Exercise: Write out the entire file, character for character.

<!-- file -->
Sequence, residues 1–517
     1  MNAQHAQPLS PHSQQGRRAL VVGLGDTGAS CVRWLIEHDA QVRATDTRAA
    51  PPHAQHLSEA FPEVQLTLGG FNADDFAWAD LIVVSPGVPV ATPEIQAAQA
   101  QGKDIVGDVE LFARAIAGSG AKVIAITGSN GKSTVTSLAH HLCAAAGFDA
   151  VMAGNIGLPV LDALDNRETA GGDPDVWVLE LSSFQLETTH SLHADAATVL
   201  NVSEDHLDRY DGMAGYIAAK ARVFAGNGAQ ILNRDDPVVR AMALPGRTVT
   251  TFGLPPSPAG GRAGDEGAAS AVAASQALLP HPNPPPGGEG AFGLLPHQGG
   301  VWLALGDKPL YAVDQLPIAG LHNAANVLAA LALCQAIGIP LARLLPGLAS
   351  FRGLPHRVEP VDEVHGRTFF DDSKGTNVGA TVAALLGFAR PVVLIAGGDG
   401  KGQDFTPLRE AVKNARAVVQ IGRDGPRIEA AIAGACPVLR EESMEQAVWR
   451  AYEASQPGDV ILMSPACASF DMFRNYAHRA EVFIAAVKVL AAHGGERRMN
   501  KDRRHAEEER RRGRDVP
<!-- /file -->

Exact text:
Sequence, residues 1–517
     1  MNAQHAQPLS PHSQQGRRAL VVGLGDTGAS CVRWLIEHDA QVRATDTRAA
    51  PPHAQHLSEA FPEVQLTLGG FNADDFAWAD LIVVSPGVPV ATPEIQAAQA
   101  QGKDIVGDVE LFARAIAGSG AKVIAITGSN GKSTVTSLAH HLCAAAGFDA
   151  VMAGNIGLPV LDALDNRETA GGDPDVWVLE LSSFQLETTH SLHADAATVL
   201  NVSEDHLDRY DGMAGYIAAK ARVFAGNGAQ ILNRDDPVVR AMALPGRTVT
   251  TFGLPPSPAG GRAGDEGAAS AVAASQALLP HPNPPPGGEG AFGLLPHQGG
   301  VWLALGDKPL YAVDQLPIAG LHNAANVLAA LALCQAIGIP LARLLPGLAS
   351  FRGLPHRVEP VDEVHGRTFF DDSKGTNVGA TVAALLGFAR PVVLIAGGDG
   401  KGQDFTPLRE AVKNARAVVQ IGRDGPRIEA AIAGACPVLR EESMEQAVWR
   451  AYEASQPGDV ILMSPACASF DMFRNYAHRA EVFIAAVKVL AAHGGERRMN
   501  KDRRHAEEER RRGRDVP